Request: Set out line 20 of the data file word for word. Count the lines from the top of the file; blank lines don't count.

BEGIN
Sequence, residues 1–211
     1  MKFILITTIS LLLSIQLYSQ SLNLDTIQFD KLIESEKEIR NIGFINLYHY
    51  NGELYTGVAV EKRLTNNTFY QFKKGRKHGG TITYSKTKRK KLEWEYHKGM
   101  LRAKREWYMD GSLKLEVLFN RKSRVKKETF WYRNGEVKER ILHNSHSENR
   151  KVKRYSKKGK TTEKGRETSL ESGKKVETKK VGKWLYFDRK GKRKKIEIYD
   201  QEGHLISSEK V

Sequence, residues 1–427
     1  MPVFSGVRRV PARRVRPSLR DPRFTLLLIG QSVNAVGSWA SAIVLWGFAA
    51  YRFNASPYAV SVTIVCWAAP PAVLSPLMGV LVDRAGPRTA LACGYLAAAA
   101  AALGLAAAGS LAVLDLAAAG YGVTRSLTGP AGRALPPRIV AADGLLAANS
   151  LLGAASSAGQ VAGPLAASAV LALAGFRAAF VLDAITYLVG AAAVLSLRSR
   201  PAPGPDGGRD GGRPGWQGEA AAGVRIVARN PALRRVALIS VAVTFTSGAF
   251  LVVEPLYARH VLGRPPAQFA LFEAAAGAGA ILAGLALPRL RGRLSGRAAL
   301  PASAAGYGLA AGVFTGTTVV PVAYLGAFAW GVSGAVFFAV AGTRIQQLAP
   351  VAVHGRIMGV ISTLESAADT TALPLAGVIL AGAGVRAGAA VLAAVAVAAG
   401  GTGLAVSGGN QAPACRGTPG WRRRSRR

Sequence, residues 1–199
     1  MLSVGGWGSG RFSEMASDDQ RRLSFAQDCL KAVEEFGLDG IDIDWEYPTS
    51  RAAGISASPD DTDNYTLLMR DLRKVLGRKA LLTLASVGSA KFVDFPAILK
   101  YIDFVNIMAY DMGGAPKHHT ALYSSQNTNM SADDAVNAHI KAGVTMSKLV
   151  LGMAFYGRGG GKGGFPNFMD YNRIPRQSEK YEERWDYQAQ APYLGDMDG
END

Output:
   101  YIDFVNIMAY DMGGAPKHHT ALYSSQNTNM SADDAVNAHI KAGVTMSKLV